Annuities are often used by retirees who want guaranteed income to supplement their savings. They can offer a steady flow of payments through your later years or even until the end of your life.
The term “annuity” refers to a contract between an individual (you) and a financial institution (or insurance company). You invest by paying either a large amount upfront or by paying regular premiums for a certain amount of time. The institution then releases a steady and reliable stream of payments back to you, providing a stable income.
Annuities offer security to those whose retirement or savings may not be enough to support their standard of living in their later years. There are several different types of annuities available, and the structure of the contract can vary based on specific factors.
Your annuity must be fully funded before any payouts can begin. This is called the accumulation phase. In a common deferred annuity, regular tax-deferred payments are made during the accumulation phase. This phase may last several years, depending on the terms of the contract. On a date selected, payouts will begin and last for a predetermined time.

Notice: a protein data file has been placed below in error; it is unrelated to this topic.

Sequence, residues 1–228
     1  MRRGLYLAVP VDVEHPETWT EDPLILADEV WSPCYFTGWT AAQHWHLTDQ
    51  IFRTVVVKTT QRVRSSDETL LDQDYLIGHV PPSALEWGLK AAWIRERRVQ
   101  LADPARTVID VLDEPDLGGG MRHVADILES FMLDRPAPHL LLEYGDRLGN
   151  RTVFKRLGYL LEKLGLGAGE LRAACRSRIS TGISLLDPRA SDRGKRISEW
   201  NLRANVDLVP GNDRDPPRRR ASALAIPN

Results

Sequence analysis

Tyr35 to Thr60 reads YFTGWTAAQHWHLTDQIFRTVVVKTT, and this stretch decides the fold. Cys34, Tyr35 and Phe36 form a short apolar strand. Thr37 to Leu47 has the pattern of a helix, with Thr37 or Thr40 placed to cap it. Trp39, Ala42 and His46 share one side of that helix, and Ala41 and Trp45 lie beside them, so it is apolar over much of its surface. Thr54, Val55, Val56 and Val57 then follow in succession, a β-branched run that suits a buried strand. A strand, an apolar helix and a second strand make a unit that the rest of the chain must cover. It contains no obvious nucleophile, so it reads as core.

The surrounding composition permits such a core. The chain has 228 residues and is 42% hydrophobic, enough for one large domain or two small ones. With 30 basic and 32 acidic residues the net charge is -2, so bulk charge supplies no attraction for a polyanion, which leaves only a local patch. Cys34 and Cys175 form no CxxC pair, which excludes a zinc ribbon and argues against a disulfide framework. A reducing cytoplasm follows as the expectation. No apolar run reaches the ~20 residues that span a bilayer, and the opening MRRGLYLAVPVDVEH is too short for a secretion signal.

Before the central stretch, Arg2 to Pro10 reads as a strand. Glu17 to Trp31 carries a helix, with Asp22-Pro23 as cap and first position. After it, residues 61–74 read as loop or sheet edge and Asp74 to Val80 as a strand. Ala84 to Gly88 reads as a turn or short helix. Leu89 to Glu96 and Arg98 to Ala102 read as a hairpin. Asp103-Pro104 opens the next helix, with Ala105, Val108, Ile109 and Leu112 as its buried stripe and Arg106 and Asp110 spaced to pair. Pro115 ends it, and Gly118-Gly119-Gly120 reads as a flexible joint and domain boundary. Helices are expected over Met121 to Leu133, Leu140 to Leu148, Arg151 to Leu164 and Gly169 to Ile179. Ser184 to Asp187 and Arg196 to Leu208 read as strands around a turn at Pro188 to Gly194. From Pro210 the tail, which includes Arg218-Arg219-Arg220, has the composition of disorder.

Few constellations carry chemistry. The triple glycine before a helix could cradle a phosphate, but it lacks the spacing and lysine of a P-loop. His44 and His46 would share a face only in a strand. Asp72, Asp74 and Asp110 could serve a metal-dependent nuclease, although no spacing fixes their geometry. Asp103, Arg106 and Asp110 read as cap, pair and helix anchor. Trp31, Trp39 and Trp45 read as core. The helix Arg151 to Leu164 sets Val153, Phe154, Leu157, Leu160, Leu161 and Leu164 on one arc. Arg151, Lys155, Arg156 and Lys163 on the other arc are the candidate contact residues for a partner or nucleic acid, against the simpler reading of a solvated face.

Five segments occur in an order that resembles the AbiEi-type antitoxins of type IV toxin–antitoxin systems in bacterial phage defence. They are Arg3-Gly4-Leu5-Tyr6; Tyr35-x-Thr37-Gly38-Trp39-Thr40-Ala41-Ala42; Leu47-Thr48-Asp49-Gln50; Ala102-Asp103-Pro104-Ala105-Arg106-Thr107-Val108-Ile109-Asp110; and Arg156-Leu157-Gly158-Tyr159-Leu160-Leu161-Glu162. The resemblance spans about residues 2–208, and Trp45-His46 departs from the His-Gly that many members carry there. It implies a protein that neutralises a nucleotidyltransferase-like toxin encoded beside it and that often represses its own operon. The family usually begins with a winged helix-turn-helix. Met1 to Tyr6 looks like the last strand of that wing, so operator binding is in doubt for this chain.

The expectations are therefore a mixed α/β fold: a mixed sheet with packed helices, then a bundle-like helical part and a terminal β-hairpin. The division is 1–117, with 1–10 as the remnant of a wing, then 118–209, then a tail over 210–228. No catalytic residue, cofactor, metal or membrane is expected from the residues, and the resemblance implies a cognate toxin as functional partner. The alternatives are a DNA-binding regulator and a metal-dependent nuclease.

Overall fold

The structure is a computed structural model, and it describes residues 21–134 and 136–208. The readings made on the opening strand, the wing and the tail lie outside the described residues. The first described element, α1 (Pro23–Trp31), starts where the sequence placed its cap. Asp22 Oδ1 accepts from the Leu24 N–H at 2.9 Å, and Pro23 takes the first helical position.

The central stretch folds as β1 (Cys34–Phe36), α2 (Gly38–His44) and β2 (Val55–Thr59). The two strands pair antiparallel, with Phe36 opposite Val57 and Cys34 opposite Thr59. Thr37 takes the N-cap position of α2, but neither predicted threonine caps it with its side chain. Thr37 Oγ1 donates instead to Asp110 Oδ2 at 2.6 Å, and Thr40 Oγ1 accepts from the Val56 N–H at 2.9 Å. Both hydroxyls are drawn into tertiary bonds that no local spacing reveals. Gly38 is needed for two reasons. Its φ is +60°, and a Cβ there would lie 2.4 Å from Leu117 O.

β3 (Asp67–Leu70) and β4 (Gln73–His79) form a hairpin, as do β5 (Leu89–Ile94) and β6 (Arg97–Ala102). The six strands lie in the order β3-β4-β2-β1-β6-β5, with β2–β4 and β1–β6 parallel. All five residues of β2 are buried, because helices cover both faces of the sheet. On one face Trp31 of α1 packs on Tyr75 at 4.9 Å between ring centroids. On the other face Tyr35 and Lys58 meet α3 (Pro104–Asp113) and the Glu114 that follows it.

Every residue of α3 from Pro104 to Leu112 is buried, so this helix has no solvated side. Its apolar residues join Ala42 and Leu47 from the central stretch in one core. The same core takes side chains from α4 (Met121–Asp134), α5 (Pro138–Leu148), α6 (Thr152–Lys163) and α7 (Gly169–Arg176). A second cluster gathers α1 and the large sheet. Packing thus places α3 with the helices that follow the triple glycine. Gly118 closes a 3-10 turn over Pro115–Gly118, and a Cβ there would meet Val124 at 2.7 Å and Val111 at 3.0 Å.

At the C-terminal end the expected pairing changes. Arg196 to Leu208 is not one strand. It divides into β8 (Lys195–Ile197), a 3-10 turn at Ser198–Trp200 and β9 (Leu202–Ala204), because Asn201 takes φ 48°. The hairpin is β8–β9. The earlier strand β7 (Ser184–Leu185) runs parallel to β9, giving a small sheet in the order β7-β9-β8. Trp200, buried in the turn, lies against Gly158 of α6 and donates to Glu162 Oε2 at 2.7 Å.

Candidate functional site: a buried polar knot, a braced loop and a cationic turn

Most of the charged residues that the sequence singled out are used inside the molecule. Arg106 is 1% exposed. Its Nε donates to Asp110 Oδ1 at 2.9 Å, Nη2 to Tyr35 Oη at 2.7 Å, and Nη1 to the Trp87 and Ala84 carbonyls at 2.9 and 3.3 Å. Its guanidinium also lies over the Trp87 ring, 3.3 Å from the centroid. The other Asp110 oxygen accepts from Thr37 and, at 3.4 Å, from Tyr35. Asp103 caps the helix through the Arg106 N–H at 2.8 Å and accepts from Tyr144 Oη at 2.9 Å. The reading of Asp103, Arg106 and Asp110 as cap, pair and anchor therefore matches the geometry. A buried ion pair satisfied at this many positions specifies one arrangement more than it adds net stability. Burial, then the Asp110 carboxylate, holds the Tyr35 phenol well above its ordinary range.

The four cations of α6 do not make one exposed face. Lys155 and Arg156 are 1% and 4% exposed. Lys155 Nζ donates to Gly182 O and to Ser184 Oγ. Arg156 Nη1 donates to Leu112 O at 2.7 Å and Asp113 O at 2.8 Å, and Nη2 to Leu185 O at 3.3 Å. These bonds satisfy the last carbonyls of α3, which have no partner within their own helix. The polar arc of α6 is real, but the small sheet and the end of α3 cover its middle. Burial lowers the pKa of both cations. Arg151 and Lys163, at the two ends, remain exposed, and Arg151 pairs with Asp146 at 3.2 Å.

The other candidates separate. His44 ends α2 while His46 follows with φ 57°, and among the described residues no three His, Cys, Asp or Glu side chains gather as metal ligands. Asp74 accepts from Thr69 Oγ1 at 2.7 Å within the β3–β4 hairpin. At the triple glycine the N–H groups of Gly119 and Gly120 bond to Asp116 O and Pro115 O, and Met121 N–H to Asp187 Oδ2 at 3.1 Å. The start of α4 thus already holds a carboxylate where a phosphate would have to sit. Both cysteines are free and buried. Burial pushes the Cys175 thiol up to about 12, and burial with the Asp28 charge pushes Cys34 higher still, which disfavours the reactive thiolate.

Alternatively, the annuity could be established at once with a lump sum investment called an Immediate Annuity. This option allows you to take a large amount of money (inheritance, settlement, lottery winnings, etc.) and trade it in for a more reliable stream of income that starts paying out immediately.
During the accumulation phase, premiums paid to your financial institution are invested into an annuity fund. This fund will contain different securities, stocks, and bonds. The investment earns returns that are reflected once payouts begin, also called the annuitization phase.
It is very important to note that annuities are not liquid. If you need access to cash or assets for any major life events, you should consider waiting until this is no longer a concern or finding another investment option. For this reason, annuities are often suggested for older individuals no longer raising families.
During the accumulation phase, which may last several years, investments are held in what is called a “surrender period” where the funds can not be accessed without paying a penalty.
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At Agape Insurance and Financial Group, we can help determine hidden fees, provide guidance on complicated tax issues, and ensure you get the right type of annuity benefits. Reach out to us today for more information!